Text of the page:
First in our series Family Physician Competitive Pay
Online forums about compensation for family medicine doctors abound. The conversations may or may not be accurate. Knowing those numbers matters less than the rhetoric suggests.
Location is the biggest factor for most physicians in a job search. In the past 12 months, our organization has interviewed over 4,100 physicians. What we usually see is that:
- New graduates looking for a large metropolitan area
- Physicians coming to the end of their first contract (typically 2 or 3 years after residency) are moving near their family
- Physicians with board actions willing to go anywhere in a state
- Physicians with family abroad are looking to live near a major airport in a region closer to their family (parents in Toronto so they want a major city in New England or near the Great Lakes)
- Mid-career physicians staying in a tight radius of where they’re currently ensconced
- Major life disruptions causing relocation (divorce, death in the family, practice gets acquired)
- Late career physicians relocating near grandchildren
Note: Hospitalists are typically open to a wider geographic area than outpatient/primary care physicians. If you get any other week off, you can travel more. It doesn’t matter a whole lot if your family is 15 minutes away or 3 hours.
People are the next biggest factor. As a family medicine physician, you will spend about 40% of your waking life at work during a typical week. If you really enjoy your peers and patients, you will be willing to: drive a little bit farther, earn a little less, and work a little longer.
People are the trickiest thing to get a read on when looking for a position. A job description doesn’t truly tell you anything about them—too much gets lost in translation.
Money closely follows as the next biggest determining factor for whether a position is right for you. You are (most of the time) going to know the location and the people long before you know about the money. Most positions in the same area are going to have similar pay. There will be a strong contrast between the highest and the lowest-paying position. If you consider the majority in the middle, the gap is not nearly as huge.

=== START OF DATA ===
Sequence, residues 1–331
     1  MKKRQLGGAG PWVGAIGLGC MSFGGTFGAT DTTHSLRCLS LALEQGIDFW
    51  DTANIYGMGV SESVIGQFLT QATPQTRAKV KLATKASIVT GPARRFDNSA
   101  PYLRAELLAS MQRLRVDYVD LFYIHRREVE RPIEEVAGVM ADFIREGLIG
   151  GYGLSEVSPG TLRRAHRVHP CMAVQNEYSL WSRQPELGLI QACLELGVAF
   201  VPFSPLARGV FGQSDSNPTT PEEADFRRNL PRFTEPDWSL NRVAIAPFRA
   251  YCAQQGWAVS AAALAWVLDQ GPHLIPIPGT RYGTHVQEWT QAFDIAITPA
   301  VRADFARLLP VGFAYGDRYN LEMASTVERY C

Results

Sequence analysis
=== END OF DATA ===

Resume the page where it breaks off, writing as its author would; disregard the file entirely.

Filtered through practices that are hiring, geography, inpatient/outpatient, and getting to the written offer stage: positions will typically pay in the same range. If you get multiple offers and they are in the same ballpark, you can now negotiate easily.
Be careful not to turn down the job before it is offered to you. How much money you can earn doesn’t matter if you don’t get the job offer. You can only get the offer if you apply. The better the position, the more high-quality candidates will show up which lowers your odds of securing an offer (even though we all know you’re great).
There are even more factors that will influence which position is right for you.
- How secure is the job?
- How mentally stimulating is it?
- Is there flexibility for me to alter the schedule to pick up my kids?
- Can I become a partner?
- Is it qualified for a federal student loan forgiveness program?
Looking strictly for high-compensation positions is often deceiving. Appreciate that the biggest determining factors won’t be in a job description. Weigh the qualitative information. Speak with a specialized, independent recruiter to help you navigate the soft details. For the Eastern US call or text Ben Kennedy at (540) 400-7641 or email firstname.lastname@example.org. For Central and Western US, call of text Chris LaBreque at (540) 206-2818 or email email@example.com.
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